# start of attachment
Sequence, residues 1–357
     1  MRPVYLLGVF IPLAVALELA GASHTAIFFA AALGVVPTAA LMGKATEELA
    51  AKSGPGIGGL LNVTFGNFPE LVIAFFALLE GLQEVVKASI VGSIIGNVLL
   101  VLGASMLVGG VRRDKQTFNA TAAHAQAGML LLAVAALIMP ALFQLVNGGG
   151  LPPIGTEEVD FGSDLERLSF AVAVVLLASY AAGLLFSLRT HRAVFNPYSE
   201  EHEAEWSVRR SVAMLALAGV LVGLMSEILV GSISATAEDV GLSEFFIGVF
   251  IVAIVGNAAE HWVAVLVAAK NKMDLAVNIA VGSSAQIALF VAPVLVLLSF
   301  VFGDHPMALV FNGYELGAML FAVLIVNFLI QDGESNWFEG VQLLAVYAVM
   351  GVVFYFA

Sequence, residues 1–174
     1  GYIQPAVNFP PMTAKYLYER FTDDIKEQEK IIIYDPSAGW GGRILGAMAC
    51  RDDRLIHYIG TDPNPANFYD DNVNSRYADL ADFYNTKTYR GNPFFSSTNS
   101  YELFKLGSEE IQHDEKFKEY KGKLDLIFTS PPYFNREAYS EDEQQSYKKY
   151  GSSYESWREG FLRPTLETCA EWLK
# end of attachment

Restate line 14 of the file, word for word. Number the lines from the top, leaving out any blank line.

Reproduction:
   151  GSSYESWREG FLRPTLETCA EWLK